Help ATS with a contribution via PayPal:
learn more

Indian Akula II attack submarine

page: 1
0
<<   2  3  4 >>

log in

join

posted on Jul, 30 2008 @ 05:13 PM
link   


Dangerous indeed! Think the Seawolf can take on that beast? Or the Virginia or the Astute? Time will tell.




posted on Jul, 30 2008 @ 05:43 PM
link   
seawolf and astute for sure - LA or imp LA , not very sure , as they were designed and built to counter the 688`s.



posted on Jul, 30 2008 @ 06:19 PM
link   
keep in mind...it's not just the boat....its who drives it. One SSBN or SSN of the USN has more "dark water" experience than the entire indian navy combined.



posted on Jul, 31 2008 @ 04:49 AM
link   

Originally posted by Anonymous ATS
keep in mind...it's not just the boat....its who drives it. One SSBN or SSN of the USN has more "dark water" experience than the entire indian navy combined.


Quite true (figuratively of course). In this case the Seawolf/ Virg Class boats would be manned by superior crews and be in possession of marginally (as one would believe with the minute tidbits of info we get on these boats) superior operating systems.

Question to deltaboy though, who said this was Indian?

Another question: As far as the Astute (or Barracuda) class are concerned, any comparisions done here with the USN SSNs?



posted on Jul, 31 2008 @ 04:52 AM
link   
Why compare to yesterdays navy the Chinese have the
big boys nowadays



posted on Jul, 31 2008 @ 05:17 AM
link   

Originally posted by solo1
Why compare to yesterdays navy the Chinese have the
big boys nowadays


not quite.

One would presume these akula II boats to be comparable if not better than the
new Chinese Type 093 Shang class SSNs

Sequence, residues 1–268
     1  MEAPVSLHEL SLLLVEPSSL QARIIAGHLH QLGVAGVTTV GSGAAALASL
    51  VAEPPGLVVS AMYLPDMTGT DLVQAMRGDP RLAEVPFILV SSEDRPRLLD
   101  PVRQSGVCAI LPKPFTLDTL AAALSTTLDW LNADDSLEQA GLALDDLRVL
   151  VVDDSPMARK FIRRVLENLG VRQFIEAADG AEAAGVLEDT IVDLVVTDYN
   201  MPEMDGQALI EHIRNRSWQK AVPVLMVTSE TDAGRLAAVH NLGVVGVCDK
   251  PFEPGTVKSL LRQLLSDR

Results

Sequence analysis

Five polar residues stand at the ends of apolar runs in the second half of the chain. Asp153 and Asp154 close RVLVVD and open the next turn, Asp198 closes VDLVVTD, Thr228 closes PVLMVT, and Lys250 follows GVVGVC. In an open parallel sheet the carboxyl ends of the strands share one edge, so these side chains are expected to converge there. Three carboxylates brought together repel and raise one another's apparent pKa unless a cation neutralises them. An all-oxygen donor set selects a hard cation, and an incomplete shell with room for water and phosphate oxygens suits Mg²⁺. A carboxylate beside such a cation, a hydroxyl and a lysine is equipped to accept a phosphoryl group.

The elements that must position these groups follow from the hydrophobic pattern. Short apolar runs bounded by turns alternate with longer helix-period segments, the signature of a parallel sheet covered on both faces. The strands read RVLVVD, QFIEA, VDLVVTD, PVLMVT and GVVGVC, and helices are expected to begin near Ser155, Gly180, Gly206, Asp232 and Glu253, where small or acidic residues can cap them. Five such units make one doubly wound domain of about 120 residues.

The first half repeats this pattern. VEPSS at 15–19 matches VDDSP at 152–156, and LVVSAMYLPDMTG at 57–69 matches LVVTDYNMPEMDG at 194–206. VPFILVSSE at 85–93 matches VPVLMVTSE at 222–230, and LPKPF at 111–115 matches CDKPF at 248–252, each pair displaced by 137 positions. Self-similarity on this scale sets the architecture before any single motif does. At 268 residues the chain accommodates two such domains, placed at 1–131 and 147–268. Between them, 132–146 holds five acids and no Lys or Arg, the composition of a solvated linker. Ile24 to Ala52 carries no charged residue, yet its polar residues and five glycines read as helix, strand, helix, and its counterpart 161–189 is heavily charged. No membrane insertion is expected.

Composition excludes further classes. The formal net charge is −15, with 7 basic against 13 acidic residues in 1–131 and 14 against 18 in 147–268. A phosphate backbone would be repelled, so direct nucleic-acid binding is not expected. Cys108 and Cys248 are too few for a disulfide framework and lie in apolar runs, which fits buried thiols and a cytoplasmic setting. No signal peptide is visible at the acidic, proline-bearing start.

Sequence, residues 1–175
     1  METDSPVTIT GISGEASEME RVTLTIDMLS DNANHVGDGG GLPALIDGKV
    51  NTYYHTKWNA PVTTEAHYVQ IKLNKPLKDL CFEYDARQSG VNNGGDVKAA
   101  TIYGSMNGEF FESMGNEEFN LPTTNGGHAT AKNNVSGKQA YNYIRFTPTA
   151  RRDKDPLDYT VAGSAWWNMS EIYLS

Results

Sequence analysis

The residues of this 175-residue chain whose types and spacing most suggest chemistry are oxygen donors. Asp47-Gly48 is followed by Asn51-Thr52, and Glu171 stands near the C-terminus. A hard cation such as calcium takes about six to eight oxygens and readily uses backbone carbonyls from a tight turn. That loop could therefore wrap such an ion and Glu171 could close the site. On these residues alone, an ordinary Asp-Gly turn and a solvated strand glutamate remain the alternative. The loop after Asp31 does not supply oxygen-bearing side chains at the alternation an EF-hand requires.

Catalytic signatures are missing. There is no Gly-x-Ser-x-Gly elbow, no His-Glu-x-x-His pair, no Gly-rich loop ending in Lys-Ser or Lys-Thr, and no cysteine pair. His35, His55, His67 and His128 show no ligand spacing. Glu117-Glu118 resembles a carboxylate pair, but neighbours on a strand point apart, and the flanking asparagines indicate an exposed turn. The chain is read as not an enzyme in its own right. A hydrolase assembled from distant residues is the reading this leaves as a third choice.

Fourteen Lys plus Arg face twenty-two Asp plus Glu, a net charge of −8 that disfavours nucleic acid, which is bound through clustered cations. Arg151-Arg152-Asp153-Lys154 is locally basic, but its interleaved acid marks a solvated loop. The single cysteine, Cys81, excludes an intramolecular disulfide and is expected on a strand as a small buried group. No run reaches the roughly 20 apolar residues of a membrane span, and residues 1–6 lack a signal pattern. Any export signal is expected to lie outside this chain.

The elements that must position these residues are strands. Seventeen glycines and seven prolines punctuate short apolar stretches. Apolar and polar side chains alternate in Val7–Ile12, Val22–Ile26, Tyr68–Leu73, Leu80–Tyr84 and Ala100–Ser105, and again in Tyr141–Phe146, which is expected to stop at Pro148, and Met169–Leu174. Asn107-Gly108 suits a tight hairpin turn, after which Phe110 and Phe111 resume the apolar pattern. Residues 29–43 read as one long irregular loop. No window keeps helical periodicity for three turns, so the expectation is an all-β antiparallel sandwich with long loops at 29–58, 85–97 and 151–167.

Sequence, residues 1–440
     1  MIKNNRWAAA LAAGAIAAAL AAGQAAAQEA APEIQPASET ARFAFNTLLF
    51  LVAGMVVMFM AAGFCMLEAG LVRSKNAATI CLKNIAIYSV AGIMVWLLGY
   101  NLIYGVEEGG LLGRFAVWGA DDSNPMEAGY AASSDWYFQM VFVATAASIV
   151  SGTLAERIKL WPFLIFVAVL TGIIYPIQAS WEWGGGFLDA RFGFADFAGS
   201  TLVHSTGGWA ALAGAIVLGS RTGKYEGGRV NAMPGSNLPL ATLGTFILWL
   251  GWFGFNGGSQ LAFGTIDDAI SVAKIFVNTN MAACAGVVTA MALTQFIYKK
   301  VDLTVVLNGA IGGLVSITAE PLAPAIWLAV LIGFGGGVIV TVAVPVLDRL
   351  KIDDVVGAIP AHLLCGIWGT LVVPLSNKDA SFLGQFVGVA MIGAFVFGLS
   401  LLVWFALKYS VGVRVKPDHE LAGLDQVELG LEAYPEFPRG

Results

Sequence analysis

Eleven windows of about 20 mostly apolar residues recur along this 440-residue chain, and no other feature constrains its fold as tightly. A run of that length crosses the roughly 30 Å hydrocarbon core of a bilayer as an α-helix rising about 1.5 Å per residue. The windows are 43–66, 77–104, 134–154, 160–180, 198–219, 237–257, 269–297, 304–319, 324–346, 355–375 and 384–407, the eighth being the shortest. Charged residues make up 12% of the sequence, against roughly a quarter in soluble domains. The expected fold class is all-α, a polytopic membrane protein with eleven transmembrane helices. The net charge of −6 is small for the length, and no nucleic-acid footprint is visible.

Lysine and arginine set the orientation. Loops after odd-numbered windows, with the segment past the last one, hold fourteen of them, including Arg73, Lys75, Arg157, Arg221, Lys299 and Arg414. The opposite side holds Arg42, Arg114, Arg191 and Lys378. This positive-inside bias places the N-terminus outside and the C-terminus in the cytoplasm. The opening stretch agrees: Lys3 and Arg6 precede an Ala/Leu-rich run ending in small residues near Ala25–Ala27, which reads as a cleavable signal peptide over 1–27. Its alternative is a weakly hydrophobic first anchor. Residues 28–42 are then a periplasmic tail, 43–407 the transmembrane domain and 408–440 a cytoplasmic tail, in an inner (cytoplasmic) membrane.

posted on Jul, 31 2008 @ 06:23 AM
link   
reply to post by deltaboy
 


This boat is obviously running its diesel...doing battery charges and or ventilating various compartments while sitting still on the surface. As she is not on a pier and no wake is visible it is possible she is at anchor.

The thing which surprises me about the profile of this type of boat when on the surface is that they seem to ride noticeably very high. I will grant you the possibility that they may have just done a low pressure blow of all the ballast tanks....but overall they seem to ride very high when on the surface.
In my limited experience this is unusual..particularly for an attack submarine.

This tends to make me wonder what is the calculated distance between the actual design centerline of the boat and the centerline of gravity.. when underway. Mind you now...it has been along time since I heard this in conversation...I may even have the terms I am using in this discription incorrect.

While I am not an engineer..or designer...I seem to recall many years back in conversations with engineers visiting the 688 class boats that ...you dont want these two lines to be to close together or you run into instability problems in maneuvers.